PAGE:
if you have issues with what is posted there you might try emailing the man that made the site. not me ....but then no one said your smart. < tongue in cheek>

NASA
secretly
I
seem
having
threads
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man
in
Here's a few tips if you want to get taken seriously:
1) Capitalise the beginnings of sentences. 2) To show a contraction from "You are", you would write "you're". "Your" shows possession. 3) Don't begin a sentence with "as". 4) Don't begin a sentence with "and" (unless you're singing the first verse of "Jerusalem"). 5) Don't begin a sentence with "not". 6) Commas are your friends. 7) Leave two spaces after full stops. 8) That an event has occurred and thus can be said to be a "fact", does not directly negate the possibility of it being the result of a conspiracy. 9) Try never to refer to events simply as "things" without further details, i.e. "I hope you find things amusing shortly BECAUSE...". 10) If you want to show possession, it's just "its", whereas if you want to show contraction then it's "it's". Scallywag. 11) "Tongue in cheek" is usually used to imply falsehood or sarcasm.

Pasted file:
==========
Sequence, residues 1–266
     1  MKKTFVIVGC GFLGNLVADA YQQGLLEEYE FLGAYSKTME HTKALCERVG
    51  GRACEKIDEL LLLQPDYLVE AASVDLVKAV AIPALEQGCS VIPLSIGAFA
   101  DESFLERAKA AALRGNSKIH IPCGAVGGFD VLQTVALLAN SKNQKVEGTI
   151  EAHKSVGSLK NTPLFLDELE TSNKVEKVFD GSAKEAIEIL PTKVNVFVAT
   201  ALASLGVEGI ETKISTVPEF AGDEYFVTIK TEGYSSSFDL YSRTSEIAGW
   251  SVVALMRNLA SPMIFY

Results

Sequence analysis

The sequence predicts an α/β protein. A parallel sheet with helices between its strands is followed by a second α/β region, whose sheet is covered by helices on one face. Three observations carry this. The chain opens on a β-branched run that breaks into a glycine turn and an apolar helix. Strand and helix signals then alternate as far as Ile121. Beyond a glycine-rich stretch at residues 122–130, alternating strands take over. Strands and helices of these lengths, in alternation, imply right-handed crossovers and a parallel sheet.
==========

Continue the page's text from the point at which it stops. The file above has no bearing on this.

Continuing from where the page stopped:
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Terminating punctuation goes inside the quotes: "To show a contraction from 'You are,' you would write 'you're.' 'Your' shows posession.'"

Pourquoi pas? Example: "As I read this message, I couldn't help but wonder if there exists a lack of consistancy in the teaching of the English language."

Not to imply that Terry used propper grammer, I believe this rule is over-strict.

Yes, but they should be used conservatively. I would take issue with the use of a comma in this example: "That an event has occured and thus can be said to be a "fact", does not directly negate the possibility..." There is no subjectual separation between the first half of this sentence and the second. The comma is not necessary. I believe this to be more a matter of style than anything.

I was adamant about this rule until I learned the difference between monospaced and proportionally spaced fonts. Two spaces is an aesthetic throwback to the typwriter era and has no use on modern machines.
Anyway, I do thoroughly enjoy a good proofreading. :)
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E. Lee Dickinson wrote:

In the US, yes, but in the UK the terminating punctuation goes outsite the quotes, where it should rightfully be ;)